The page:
Railways including operation, construction, design and maintenance. Contrary to
the general perception, assiduously generated, Railways is not a loss making
entity in India. The profit after dividend in FY 2013-14 was Rs. 7942 Cr. And
the dividend paid to Government was Rs. 7839 Cr. The social obligation cost was
of the order of Rs. 21.391 Cr. which the Government has not paid back to
Railways at all. In other words, the Railways in the year 2013-14 have made a
clean profit of Rs. 29333 Cr.
British India made the first experimentation of private operations of Railways
by offering a guaranteed 5% return on investments. Neither the Railway net work
was expanded, nor were the Government or the customers benefitted. British
Government had to ultimately rescind its decision and took over the Railway
operations in 1924.
Neither FDI nor the PPP will help the Railways. The DMRC had to ultimately take
over the Airport Express Line and run it, for the Reliance who undertook the
construction on PPP model found it not profitable. The induction of FDI and the
consequent privatization of Railways will make Rail journey beyond the reach of
the poor people of India. In the bid to maximize profits, Railways will be
compelled to charge enormously for its services. The unprofitable lines will be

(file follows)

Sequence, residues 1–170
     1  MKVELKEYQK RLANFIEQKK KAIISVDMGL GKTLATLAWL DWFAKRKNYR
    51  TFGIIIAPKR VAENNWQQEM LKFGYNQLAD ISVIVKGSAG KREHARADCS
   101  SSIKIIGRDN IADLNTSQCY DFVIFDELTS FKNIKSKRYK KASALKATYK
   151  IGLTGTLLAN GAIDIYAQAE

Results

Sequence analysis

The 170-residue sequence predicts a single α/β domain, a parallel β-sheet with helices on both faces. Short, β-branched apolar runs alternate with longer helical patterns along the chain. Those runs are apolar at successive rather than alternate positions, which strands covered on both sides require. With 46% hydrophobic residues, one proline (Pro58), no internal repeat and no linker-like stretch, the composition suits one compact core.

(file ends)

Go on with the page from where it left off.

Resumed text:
closed down. No social obligation will be undertaken by the Railways. Lakhs of
Railway workers will be compelled to seek employment elsewhere.
The Committee set up by the Government to suggest methods of reform in Railways
under the Chairmanship of Shri Bibek Debroy submitted its report in March, 2015.
The voluminous report has drawn the roadmap for eventual privatization of
railway operations. In its core recommendations, it has suggested that there
must be a change in the institutional arrangement between the Railways and the
Government and introduce competition in the functioning of the Railways. In
other words, Railway operations must be open to private enterprises so as to
have competition. The Committee also inter alia suggested that the policies (and
especially the fare fixation) must be left to a Railway Regulatory Authority and
the Government should be divested of its present power to fixing or restricting
the railway fare. One of its other bizarre recommendations is to introduce the
bullet bond system for payment of retirement benefits to the employees with a
lock in period of 20 to 30 years. i.e. the Retired personnel of Railways will
provide the funds out of their legitimate dues after serving for 30 to 40 years
to enable the Railways to make investment.
Railway will become a loss making enterprise in the days to come as is the case